For whatever reason, instead of building on that as video game storytelling got more sophisticated, the technique became an evolutionary dead end. Showing me what was happening elsewhere in the world gave the sense that I was only seeing a part of a much bigger story, but in most games I’ve played since, the action never once leaves the vicinity of my player character.
More significantly, the scenes in Monkey Island had a rudimentary sense of cause and effect. My actions were making LeChuck nervous, and my actions were raising the tension towards the inevitable showdown. But over time, games dropped that cause and effect in order to tell only tangentially related stories. Completing objectives trigger a cut-scene which is at best a “reward” for finishing a section of the game, or more often just an excuse for the developer to impose more passive storytelling on me.
When a game inserts narrative in unexpected places, it can be powerful. Obviously, peeking behind the walls of the test chambers in Portal is one of the best examples. And one of the best moments in Portal 2 comes when the player steps on an aerial faith plate to start solving a puzzle, and she unexpectedly re-encounters Wheatley. Each is satisfying because it advances the narrative not with a disconnected cut-scene, but as a direct result of something the player is doing.
But neither of those moments, or for that matter the “Meanwhile” cut-scenes in Monkey Island, actually affect the player’s narrative. The player can’t really do anything about them, and the player doesn’t leave with any immediately useful information. They’re terrific at setting tone and mood and at giving context, but aren’t really using the narrative as a gameplay mechanic.
One of my favorite moments in Sam and Max: The Penal Zone is a short scene that plays out the first time (chronologically) you use Max’s teleportation power. It was there mainly as an homage to the opening of Rod Serling’s Night Gallery, and to make good on one of Steve Purcell’s ideas from an early brainstorming session: “Sam & Max teleport to another dimension where they’re surrounded by skeletons with scythes.” It also did a little bit of narrative development, of course: to reinforce the idea that Max’s powers were creepy and dangerous, and abusing them could end badly; and to foreshadow the flaming Max heads from the end of the game. I like it a lot, but it would’ve been even better if it had actually done something to advance the story: giving some significant clue for a later puzzle, or replacing some of the tons of expository dialogue that Superball and the alien brain have to deliver.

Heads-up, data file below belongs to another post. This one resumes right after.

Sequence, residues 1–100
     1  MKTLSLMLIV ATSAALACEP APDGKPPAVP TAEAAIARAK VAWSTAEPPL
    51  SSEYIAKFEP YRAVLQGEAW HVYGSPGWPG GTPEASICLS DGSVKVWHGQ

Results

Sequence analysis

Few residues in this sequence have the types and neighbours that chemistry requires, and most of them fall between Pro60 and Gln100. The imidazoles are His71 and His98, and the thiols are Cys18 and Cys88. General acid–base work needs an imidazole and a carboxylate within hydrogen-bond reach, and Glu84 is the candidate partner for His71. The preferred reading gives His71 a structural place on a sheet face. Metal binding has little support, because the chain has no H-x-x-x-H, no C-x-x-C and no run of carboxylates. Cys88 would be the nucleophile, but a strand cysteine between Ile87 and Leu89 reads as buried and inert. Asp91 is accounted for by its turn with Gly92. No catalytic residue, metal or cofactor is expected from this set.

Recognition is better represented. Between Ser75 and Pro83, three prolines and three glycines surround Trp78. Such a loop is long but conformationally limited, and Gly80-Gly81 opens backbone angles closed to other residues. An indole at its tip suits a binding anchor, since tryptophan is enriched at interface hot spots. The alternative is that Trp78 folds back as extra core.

I Want You To Think About What You Just Did
So how about developing a game where the player’s abilities affect and advance the narrative? It could exploit the thrill of those moments of discovery — I did something that caused this real change to the story — as well as provide a more interesting and less abstracted limiting factor to keep the player’s abilities in check.
I can use this magic ring to make myself invisible. Each time I wear it, I can see what the villain is plotting. But each time I wear it, am I alerting powerful villains to my presence? And each time I wear it, what is the cost to my soul or my sanity?
I can cast this magic spell without worrying about its mana cost, but I have to be concerned about its narrative cost. Will using it too often cause me to go insane? Is it worth the risk, because I’ll get a vision of something happening elsewhere in the world, a danger that I’m going to encounter later? Does it make the villain aware of where I am and what I’m doing, even though I’m nowhere near powerful enough to fight him yet? Does it make the villain jealous of my power and cause him to put innocents at risk? Does it frighten the townspeople, to the point where they don’t simply respond with a canned “hey, cut it out!” response, but actually stop dealing with me? Does casting the spell somehow drain the life of the person who taught the spell to me, forcing me to consider the consequences of using it?
I can inject myself with this DNA-altering cocktail that, somehow, allows me to conjure a swarm of bees to attack my enemies. But is using it actually turning me into one of the demented former humans that I’m fighting? Does it do anything to help me understand them? Does it inadvertently reveal a secret passage that I hadn’t seen before? Does it wound me every time I use it? Does it make the lumbering, unstoppable guards of the city attack me immediately?
More simply: what if the “cake is a lie” room in Portal had been accessible only by creating a portal? What if Wheatley’s reappearance in Portal 2 had him shouting out a piece of information that was necessary to solve the subsequent puzzle? What if destroying the security cameras in both games actually made a difference in how the story played out, instead of just providing an achievement?
The thing I’m most looking forward to in Bioshock Infinite is seeing how the “tears” play out. The preview video shows them being used as a game mechanic, and also as a bit of world-building spectacle (with the glimpse of the alternate universe movie theater). I’m curious how far, if at all, they’ll be used to affect the narrative. It seems to have so many of the qualities I’m thinking of — a powerful “magic” with unpredictable side effects and a definite cost/risk associated with it. Will it be systemized to the point of taking all the wonder out of it, or will it be reduced to a simple “press A button here to trigger cut-scene”?
Or can it finally break the game out of the first-person shooter mold as significantly as the original BioShock tried to, and present a story where the player’s actions have genuine consequences and genuinely advance the story?